Executive Director, South African Sugar Association, Trix Trikam
Sugar industry leaders are calling for an urgent meeting with government or the establishment of a commission of inquiry to ensure the future sustainability of the sector.
They say unless the state and key role players create an environment conducive for production and trade, the industry will collapse in the face of a flood of cheap imports, the implementation by government of the Health Promotions Levy and “outdated” legislation in the Sugar Act relating to the division of proceeds between growers and millers.
South Africa’s largest independent sugarcane farmer and miller Charl Senekal has called for a top level meeting between the sugar industry and government saying the sector has little chance of survival without increased support from Treasury.
Senekal, who spoke to Shukela magazine on the future of the industry, also called for a total ban on sugar imports while urging farmers and millers to sit down together to work out a plan for a fairer and more just division of takings from the sugar milling process and downstream products such as molasses and alcohols.
“I am saying we have to have a *CODESA-style meeting. We don’t leave the room until we have solutions, no matter how long it takes,” said Senekal.
“As a sugarcane farmer all I am asking for is political stability in the country firstly, and secondly, that I get a fair price for my sugarcane from the millers. We also cannot compete with sugar imports that are flooding into the country. There has to be a total ban on sugar imports particularly from the Southern African Development Community (SADC) countries. Unless government gives us support, the sugar industry is a dying industry,” Senekal said.
The mega-farmer said as the industry contributed more than R5 billion to the fiscus it was not a sector the government could afford to “let go”.
“There is also too much friction between the growers and the millers. We have to sit down and talk,” he said.
Graeme Stainbank, the Chairman of South African Canegrowers – a grower support body, said while a “CODESA” was one option of solving the industry’s issues, another could be a commission of inquiry. The industry has had a number of commissions in its 90-year history, the first being the Fahey Commission in 1926, which established the industry, and the latest being the Rorich Commission in 1984 which addressed transport issues.
“Sugar industries around the world are complex and we are no exception,” said Stainbank. “We operate on a division of proceeds (DOP) revenue sharing arrangement with a fixed percentage of total revenue going to each party (currently growers receive approximately 64% of industry revenue at the notional price). While the intention of a DOP system is to align incentives of all members, it can have a negative incentive on growth, especially in times of low margin. The reason for this is that if any one side invests in growing revenue, they give away a percentage of that growth to the revenue partner, while if costs are saved, they pocket the entire saving. Naturally this is more relevant to the millers who ‘give away’ a larger portion of any growth (64%),” Stainbank said.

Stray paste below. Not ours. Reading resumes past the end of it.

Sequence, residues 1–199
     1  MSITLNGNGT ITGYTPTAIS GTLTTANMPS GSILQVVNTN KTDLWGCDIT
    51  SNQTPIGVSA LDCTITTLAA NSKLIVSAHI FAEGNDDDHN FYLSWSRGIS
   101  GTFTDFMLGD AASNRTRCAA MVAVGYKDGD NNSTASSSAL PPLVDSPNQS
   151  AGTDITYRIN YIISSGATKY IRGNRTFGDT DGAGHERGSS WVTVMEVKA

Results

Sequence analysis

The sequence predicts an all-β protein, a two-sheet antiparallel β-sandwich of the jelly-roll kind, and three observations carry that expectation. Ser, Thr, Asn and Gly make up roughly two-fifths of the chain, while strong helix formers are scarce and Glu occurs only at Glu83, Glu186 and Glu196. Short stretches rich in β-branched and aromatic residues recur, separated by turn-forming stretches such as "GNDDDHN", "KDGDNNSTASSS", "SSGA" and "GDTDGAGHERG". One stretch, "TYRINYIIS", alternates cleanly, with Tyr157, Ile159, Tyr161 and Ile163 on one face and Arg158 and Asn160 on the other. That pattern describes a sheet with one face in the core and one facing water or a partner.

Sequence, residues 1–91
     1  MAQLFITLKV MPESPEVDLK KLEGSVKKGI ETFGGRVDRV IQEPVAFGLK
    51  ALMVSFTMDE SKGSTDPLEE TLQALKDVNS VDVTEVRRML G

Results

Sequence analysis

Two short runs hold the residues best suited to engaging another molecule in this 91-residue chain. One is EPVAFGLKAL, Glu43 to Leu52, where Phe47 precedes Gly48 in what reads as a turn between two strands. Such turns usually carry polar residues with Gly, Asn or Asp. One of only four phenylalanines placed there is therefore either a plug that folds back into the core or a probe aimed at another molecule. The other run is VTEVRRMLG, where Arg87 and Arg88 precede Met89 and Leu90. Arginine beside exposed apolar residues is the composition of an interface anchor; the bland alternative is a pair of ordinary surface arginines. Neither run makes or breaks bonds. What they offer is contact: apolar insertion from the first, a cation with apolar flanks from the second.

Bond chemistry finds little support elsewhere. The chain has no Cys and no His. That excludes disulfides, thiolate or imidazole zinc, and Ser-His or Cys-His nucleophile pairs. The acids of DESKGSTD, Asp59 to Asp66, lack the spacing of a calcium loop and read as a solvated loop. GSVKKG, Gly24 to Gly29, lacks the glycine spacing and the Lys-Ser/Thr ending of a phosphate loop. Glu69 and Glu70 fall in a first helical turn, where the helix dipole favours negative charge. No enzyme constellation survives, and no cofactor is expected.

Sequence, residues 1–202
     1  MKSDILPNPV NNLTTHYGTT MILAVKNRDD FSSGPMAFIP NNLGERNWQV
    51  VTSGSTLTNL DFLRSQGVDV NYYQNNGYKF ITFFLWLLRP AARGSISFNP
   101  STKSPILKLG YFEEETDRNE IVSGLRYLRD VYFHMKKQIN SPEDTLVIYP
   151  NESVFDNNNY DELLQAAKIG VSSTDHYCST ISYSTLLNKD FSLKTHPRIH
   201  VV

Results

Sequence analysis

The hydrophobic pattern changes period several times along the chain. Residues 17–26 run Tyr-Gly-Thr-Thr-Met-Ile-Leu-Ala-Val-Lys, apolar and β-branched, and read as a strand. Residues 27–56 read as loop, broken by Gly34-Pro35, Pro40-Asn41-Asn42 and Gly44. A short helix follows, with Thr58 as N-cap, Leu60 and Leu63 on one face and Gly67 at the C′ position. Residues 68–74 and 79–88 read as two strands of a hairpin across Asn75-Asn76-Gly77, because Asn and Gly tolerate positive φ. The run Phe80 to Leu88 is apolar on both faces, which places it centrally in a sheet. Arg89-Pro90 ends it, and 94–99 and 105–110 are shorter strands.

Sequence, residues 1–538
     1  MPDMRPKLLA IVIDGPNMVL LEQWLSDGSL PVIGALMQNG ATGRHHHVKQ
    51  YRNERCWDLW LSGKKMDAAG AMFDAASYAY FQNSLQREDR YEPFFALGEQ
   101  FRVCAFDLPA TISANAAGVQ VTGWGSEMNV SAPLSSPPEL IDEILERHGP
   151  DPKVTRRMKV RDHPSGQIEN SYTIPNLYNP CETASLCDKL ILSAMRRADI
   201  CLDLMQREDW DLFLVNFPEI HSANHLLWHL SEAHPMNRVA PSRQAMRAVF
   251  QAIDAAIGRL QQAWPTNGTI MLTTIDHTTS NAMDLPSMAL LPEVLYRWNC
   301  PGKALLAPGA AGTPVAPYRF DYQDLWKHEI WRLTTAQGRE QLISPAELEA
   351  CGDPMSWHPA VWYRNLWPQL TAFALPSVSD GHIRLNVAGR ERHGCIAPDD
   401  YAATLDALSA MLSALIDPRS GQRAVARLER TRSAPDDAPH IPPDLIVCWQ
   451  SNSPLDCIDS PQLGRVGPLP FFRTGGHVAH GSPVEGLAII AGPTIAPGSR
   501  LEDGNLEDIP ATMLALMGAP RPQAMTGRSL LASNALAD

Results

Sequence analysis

Currently margins in the growing sector were negative and something had to change.
“Millers will, I’m sure, argue their margins too are unsustainable, and therefore taking from one to give to another (a change in the DOP) is not a solution. One of the options is to ‘grow the pie’ so there is greater revenue, with the right incentives, to share. Growers and millers together have spent considerable time and energy in the last six years looking at options which would align incentives and enable growing of the pie. There is however a third party to the sugar industry equation and that is the government and they too need to agree and support any recommendations. The bottom line is that we have an extremely complex situation with differing, and opposing, forces at play. I personally believe that a commission of enquiry has a better chance of a successful outcome than a CODESA,” he said.
CEO of the South African Millers’ Association Deane Rossler also welcomed the call for a meeting in whatever form.
Rossler agreed the industry was dependent on a more “realistic” import tariff and required access to regulated energy markets.
“That would place the industry on an even playing field with sugar industries around the world,” he said.
On the more equitable division of proceeds, Rossler said the sustainability of the sugar industries internationally were influenced by government support.
“The South African government’s policy is to support the sugar industry, but unfortunately, in the current world sugar market this support is insufficient to ensure the sustainability of the industry. Millers support any engagement which will constructively seek solutions to the challenges facing the industry,” Rossler said.